Michigan redistricting commission gets appeals court's green light
In a huge win for the opponents of partisan gerrymandering, a federal appeals court has quashed a well-funded legal challenge from the right to Michigan's new independent redistricting commission.
The requirements for sitting on the panel, designed to limit the number of even potentially partisan players, were upheld as constitutional Wednesday by a unanimous 6th Circuit Court of Appeals. Republicans maintain the criteria violate free speech and equal protection rights of would-be public servants.
Unless the Supreme Court decides to step in, which for the moment looks unlikely, the panel will be created in time to draw new congressional and legislative seats after the 2020 census. Michigan will be the second-biggest, after California, of the 13 states where at least some mapmaking will be done by such a nonpartisan commission.
Michigan has been at the heart of the partisan gerrymandering battle for the past decade, because it has been a case study of what critics describe as politicians picking their voters when it should be the other way around: A battleground state where the maps drawn by a Republican Legislature kept that party in control of the state capital and the congressional delegation even after a series of elections in which Democrats won almost as many overall votes or even more.
Two years ago, 61 percent of voters approved a ballot measure to establish a commission to take over the line-drawing: four Republicans, four Democrats and five independents.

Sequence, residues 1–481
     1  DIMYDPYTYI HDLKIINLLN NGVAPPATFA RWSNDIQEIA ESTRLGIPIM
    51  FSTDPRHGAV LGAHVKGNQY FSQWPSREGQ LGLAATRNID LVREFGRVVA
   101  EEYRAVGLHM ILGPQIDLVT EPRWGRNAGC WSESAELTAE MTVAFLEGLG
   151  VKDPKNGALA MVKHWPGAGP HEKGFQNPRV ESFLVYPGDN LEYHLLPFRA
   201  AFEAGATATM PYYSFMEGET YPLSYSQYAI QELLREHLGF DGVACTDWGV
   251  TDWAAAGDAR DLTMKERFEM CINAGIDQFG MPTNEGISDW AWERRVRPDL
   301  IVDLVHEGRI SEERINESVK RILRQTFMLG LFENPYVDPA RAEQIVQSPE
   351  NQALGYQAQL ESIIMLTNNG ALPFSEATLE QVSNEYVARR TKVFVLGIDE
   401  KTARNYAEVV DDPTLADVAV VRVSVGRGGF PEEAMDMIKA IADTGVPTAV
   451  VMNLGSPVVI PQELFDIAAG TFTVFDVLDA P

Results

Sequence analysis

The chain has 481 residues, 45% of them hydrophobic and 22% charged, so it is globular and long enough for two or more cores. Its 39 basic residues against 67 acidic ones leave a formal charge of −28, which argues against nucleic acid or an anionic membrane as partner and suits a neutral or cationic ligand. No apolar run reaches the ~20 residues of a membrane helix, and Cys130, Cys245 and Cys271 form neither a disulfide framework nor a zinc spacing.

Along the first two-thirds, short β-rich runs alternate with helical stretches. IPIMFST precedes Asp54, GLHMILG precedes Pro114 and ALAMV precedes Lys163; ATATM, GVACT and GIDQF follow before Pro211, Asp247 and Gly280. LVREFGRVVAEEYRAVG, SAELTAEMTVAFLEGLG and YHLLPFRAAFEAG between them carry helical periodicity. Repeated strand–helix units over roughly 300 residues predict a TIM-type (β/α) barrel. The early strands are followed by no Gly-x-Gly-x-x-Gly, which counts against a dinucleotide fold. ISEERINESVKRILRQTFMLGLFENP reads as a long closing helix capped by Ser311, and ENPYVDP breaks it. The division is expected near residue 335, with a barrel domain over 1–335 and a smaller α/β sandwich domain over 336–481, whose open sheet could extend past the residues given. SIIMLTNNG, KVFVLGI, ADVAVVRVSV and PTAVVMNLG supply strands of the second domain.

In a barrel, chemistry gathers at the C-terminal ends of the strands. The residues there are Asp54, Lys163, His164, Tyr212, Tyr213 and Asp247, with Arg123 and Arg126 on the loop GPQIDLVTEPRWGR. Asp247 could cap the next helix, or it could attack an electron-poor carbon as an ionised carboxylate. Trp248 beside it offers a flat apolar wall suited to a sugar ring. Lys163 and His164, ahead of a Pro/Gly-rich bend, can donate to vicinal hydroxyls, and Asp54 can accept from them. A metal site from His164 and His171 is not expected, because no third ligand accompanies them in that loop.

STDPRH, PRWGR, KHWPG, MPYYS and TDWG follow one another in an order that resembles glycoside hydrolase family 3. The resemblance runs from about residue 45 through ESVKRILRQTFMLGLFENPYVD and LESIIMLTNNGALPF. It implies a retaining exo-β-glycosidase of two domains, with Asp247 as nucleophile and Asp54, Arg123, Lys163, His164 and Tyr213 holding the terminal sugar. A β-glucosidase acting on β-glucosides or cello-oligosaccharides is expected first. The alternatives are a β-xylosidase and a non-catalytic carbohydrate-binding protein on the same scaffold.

But the state GOP and other party activists challenged the eligibility criteria included in the referendum, which bars membership by current and former partisan elected officials, party bosses, candidates and lobbyists — or any members of their families. That violates both the First and 14th amendment rights of thousands of would-be commissioners, the Republicans said in a lawsuit spurned by a federal trial judge last November.
"The eligibility criteria do not represent some out-of-place addition to an unrelated state program; they are part and parcel of the definition of this commission, of how it achieves independence from partisan meddling," Judge Karen Nelson Moore wrote in an opinion, joined by Judge Ronald Lee Gilman. Both were nominated by President Bill Clinton.
Judge Chad Readler, a nominee of President Trump, concurred in the result and wrote: "It is refreshing to see the court embrace as a central principle a state's prerogative in organizing its government, including its election system."
Voters Not Politicians, the group created to push the ballot measure, said it will continue to encourage applications for seats on the commission. More than 4,300 have applied already. The deadline is June 1, after which the panelists are to be chosen at random by the secretary of state's office.
"Taking partisanship out of drawing electoral maps is critical to advancing the principle of accountability in government," said Paul Smith of the Campaign Legal Center, which represented that grassroots group in the lawsuit. "Michigan voters want fair maps. They will not be silenced by special interests, who continue to try and exert their will over the redistricting process."
Spokeswoman Tony Zammit said the Michigan GOP has not decided whether to appeal.
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